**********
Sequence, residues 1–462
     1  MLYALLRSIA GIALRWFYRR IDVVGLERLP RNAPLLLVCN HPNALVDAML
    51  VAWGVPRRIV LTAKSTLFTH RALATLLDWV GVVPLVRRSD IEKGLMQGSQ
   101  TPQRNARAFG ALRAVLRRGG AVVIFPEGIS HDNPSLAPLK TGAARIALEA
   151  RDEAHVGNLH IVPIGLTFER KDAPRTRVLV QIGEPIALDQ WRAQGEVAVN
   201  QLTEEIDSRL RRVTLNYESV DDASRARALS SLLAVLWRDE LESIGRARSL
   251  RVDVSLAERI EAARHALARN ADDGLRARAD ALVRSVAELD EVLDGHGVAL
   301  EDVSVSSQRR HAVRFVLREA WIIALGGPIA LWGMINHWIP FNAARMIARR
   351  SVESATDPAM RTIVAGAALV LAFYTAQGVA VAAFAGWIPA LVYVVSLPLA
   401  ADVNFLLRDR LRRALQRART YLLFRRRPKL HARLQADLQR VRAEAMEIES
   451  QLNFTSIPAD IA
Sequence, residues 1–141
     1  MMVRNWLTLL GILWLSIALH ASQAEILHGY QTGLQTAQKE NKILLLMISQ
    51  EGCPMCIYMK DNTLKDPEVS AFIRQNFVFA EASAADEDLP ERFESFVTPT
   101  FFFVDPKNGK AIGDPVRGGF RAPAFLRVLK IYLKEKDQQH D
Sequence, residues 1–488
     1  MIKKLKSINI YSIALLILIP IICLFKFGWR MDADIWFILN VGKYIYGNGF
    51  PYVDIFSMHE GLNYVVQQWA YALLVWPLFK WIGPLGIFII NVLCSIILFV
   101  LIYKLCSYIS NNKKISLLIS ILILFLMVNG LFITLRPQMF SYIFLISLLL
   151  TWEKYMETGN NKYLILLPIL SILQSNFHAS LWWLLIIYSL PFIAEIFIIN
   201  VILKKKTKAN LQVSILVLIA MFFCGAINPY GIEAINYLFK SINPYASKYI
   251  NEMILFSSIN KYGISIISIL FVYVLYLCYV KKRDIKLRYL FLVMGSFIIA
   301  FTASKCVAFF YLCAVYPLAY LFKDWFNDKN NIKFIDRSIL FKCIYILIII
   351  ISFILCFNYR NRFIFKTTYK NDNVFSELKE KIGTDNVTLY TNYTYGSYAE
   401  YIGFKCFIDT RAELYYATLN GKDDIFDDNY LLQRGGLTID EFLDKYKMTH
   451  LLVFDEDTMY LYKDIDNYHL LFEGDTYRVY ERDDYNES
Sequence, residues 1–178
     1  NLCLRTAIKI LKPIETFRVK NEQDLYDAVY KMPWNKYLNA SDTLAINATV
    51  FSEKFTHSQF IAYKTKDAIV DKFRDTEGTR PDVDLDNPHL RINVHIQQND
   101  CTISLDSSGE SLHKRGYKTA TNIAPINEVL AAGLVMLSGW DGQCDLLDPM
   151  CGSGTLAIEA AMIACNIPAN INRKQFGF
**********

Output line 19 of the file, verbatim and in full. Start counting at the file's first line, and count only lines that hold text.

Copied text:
   101  LIYKLCSYIS NNKKISLLIS ILILFLMVNG LFITLRPQMF SYIFLISLLL